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Re: Results of the Lenny release GR

On Sun, Jan 11, 2009 at 11:35:22AM +0100, Joerg Jaspert wrote:
> >> > Do you have any other idea in mind?
> > Btw, Joerg, that goes for you too.  If you have something constructive to say,
> > this would be a good time.
> How about you going elsewhere until Lenny is released, then coming back
> as soon as that happens and start working on what is left to fix then?
> (Not right before a release, right after a release for a change.)

We can talk about that, yes.  I don't think right before a release is the
best time to go through all this mess, but alas we already started, and
believe it or not, it wasn't my choice.  Please let me ellaborate.

I think the reason this happened is that although most of these bugs were
filed ages ago, nothing was done about them untill it became clear that the
Release Team planned to include them in Lenny without asking for an exception
(like happened for Sarge & Etch).  All this could have been avoided if we
started talking about the bugs earlier (from a constructive POV rather than
just flaming), so let's talk about the bugs shall we?

The way I see it, there are 5 cathegories:

 1- Firmware in Linux.  We already made an exception for these.  But it's not
    clear what the maintainers plan to do after Lenny is released, and it's
    not clear what the FTP team will do about it either.

 2- Long-standing bugs in critical components for which a fix is expected to
    arrive soon.  This includes things like SunRPC, GLX, and even Nvidia
    obfuscation (#383465).  It's not unreasonable to expect the developers
    would support an exception.  Heck, maybe even I would.  But none of this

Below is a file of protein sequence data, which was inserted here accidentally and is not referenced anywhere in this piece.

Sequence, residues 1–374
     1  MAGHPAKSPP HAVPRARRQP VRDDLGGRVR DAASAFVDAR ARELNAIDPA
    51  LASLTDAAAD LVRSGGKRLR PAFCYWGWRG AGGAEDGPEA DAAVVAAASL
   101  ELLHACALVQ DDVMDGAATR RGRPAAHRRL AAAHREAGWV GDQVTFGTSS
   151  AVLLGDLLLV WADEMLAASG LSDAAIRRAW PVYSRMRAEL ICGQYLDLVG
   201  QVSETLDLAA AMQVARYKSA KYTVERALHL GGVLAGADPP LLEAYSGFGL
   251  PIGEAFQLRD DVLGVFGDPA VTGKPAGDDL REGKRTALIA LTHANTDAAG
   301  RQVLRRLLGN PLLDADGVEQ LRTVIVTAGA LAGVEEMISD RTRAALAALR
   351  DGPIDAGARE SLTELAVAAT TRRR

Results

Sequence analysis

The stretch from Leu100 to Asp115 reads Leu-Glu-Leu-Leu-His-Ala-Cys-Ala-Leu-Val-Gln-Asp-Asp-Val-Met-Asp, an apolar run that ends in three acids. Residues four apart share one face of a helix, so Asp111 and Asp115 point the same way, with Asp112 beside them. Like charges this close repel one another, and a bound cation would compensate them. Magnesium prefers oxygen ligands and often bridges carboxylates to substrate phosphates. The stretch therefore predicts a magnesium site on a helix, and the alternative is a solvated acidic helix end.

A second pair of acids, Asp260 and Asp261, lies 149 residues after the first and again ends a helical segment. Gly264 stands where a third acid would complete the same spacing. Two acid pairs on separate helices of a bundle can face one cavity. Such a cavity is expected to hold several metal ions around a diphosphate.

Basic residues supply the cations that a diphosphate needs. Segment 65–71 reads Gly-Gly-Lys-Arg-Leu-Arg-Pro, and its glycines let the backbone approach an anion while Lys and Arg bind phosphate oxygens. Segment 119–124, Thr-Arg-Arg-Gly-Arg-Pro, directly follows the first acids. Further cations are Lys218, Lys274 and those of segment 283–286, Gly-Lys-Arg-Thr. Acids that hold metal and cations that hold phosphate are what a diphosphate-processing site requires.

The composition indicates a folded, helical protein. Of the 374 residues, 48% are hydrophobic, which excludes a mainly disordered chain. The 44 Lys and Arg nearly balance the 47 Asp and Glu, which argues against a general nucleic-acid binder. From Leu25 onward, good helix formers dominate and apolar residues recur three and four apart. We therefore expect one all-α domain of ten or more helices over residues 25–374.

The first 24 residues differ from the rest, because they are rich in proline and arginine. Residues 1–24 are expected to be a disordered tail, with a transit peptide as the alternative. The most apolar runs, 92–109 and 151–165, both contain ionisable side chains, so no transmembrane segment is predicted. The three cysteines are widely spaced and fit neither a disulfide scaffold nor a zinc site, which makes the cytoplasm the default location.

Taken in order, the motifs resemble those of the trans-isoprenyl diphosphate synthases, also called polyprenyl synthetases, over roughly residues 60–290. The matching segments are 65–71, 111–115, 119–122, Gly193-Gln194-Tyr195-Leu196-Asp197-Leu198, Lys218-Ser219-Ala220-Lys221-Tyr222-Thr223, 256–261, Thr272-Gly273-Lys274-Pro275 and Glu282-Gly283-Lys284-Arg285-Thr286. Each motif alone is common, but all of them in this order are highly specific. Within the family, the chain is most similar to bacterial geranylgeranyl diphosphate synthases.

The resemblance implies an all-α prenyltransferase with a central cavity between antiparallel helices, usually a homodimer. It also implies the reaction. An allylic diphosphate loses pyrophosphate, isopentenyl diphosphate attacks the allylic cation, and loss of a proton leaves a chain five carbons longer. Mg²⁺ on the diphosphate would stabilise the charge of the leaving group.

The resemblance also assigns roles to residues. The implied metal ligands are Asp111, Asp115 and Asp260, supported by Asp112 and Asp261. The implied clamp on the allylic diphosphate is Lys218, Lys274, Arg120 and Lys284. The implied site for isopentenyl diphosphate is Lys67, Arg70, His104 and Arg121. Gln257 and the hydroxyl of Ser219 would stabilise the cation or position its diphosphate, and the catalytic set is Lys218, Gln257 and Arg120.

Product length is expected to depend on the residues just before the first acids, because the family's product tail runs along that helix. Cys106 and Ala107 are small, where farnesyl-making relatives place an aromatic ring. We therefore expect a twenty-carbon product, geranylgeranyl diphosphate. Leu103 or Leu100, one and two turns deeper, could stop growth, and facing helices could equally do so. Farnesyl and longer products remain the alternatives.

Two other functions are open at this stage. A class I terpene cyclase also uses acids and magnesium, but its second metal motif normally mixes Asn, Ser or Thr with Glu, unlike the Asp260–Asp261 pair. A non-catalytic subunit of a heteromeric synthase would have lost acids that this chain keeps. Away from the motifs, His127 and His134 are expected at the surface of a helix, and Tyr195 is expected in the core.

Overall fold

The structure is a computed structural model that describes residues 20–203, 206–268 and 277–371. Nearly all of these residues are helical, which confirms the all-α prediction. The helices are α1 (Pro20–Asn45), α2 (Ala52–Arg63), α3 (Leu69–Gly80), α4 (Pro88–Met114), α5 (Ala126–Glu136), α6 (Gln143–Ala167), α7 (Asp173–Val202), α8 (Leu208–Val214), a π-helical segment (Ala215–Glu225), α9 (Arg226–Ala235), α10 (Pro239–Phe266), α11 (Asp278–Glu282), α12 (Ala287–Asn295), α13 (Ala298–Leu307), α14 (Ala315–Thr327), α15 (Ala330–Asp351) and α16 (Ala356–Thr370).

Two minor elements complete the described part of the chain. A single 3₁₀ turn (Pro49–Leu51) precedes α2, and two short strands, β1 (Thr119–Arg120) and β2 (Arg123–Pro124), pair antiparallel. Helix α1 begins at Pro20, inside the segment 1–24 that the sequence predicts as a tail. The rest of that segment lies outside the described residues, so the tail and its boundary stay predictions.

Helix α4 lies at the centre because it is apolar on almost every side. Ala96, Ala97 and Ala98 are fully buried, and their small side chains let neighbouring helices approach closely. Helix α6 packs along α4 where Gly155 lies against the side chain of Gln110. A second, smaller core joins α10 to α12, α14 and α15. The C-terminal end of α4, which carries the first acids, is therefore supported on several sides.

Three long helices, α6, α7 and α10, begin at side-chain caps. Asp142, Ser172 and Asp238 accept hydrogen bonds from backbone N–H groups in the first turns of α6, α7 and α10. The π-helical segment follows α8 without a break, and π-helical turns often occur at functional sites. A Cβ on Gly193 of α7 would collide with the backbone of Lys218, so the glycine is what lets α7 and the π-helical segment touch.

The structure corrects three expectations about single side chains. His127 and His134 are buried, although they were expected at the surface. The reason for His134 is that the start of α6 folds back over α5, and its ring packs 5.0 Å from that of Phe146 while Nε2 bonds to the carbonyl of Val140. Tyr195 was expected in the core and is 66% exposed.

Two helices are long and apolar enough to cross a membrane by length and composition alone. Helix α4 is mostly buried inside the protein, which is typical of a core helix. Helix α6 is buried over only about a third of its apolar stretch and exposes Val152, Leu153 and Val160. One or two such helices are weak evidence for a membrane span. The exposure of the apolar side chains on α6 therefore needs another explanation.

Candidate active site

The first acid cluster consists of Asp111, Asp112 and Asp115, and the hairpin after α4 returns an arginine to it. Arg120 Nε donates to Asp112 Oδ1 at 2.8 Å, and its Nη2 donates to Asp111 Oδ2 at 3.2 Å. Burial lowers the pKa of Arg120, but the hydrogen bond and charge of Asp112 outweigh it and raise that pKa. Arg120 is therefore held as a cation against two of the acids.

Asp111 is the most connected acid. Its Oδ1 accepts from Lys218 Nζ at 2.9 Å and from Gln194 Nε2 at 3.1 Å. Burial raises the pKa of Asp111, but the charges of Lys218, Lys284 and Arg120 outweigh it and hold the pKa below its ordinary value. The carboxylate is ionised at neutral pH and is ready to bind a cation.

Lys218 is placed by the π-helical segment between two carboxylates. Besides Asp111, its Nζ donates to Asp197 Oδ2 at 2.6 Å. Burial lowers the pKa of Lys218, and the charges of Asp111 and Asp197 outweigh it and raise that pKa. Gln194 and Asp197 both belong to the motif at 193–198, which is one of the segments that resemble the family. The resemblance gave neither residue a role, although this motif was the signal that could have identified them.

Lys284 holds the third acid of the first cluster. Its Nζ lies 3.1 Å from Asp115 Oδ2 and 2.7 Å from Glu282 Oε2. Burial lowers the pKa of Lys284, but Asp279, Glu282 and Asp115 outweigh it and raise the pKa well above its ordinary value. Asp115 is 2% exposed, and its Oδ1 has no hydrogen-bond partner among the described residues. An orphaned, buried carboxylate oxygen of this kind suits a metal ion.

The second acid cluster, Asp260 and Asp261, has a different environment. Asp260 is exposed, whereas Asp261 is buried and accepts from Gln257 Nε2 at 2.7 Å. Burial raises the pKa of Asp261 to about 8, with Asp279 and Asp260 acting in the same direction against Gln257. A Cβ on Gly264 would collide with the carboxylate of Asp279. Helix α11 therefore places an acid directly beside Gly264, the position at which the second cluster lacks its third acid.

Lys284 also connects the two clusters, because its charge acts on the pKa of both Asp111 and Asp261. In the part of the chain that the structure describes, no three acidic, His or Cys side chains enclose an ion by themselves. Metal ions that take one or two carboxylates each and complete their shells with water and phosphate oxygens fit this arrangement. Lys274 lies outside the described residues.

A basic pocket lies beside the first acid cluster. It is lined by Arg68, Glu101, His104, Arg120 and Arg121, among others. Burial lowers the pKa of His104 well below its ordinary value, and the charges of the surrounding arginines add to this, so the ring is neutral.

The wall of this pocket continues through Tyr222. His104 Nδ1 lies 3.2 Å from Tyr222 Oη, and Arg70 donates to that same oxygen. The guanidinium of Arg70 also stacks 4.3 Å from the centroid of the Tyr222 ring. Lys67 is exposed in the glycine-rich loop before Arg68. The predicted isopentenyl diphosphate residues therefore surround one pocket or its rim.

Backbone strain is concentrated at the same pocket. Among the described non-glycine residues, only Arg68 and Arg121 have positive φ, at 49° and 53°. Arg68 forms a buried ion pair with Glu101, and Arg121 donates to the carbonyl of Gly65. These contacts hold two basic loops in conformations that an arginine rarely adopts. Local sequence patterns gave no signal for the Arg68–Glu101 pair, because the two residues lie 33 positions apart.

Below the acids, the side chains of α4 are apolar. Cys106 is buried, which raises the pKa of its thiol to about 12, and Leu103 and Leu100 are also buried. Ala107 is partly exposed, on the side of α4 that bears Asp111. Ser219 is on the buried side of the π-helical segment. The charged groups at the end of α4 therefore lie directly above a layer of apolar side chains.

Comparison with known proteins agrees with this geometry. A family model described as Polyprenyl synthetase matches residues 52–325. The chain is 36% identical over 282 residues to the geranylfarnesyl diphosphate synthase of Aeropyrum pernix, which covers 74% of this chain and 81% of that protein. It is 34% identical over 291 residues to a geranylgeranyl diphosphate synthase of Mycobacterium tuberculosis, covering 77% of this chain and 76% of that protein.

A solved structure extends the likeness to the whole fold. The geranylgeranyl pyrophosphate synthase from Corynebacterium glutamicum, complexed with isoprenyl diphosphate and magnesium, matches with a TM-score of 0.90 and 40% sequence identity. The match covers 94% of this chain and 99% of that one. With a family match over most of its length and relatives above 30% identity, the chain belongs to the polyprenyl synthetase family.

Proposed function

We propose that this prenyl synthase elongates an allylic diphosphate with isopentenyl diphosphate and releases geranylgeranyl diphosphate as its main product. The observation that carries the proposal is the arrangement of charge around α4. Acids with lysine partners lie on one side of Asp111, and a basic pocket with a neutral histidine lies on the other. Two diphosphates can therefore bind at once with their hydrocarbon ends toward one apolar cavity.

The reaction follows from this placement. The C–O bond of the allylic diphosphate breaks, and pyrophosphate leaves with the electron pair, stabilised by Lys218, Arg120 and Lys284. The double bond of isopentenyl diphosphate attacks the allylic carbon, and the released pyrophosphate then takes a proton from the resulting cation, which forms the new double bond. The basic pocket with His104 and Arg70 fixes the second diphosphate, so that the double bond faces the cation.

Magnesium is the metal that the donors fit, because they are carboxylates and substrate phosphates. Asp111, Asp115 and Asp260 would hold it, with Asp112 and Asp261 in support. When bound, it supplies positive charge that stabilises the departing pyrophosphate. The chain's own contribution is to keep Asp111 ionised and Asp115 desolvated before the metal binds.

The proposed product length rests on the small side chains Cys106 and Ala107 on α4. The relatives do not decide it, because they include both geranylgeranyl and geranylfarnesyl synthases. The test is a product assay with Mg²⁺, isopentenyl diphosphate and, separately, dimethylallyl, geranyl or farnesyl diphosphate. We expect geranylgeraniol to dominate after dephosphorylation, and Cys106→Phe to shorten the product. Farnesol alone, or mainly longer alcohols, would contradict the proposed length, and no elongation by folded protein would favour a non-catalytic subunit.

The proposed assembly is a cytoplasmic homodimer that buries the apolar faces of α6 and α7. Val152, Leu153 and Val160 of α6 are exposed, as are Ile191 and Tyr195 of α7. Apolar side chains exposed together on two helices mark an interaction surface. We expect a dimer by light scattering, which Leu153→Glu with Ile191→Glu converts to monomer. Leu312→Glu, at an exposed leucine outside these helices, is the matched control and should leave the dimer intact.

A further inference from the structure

_has happened yet_.

 3- Non-bugs (IMHO), that'd be the trademark issue in #391935.

 4- Bugs which are trivial to fix, such as #459705 (just remove a text file),
    #483217 (only affects optional functionality that could be removed
    according to the maintainer) or #509287 (just move afio to non-free).

    Why isn't the FTP team enforcing these?

 5- Bugs which aren't easy to fix.  AFAICS this includes ONLY TWO of them:
    #477060 and #498475 (aka #498476).  Maybe it's worth making an exception
    for them, but again this is something that should be judged by the
    project as a whole.

    This needs proper discussion IMHO.  Maybe even a vote.

So, if you could tell me that there's going to be a proper solution for #1 and
#4, all that's left to do is have a vote to device what we do about #2 (which
almost certainly will be exempted) and #5 (which is likely to be exempted too).

OTOH, if you just tell me to "go elsewhere", I'm sorry but I don't want to
look the other way while the project destroys its reputation for having a
commitment to freedom, a democratic system and a set of principles.

Robert Millan

  The DRM opt-in fallacy: "Your data belongs to us. We will decide when (and
  how) you may access your data; but nobody's threatening your freedom: we
  still allow you to remove your data and not access it at all."

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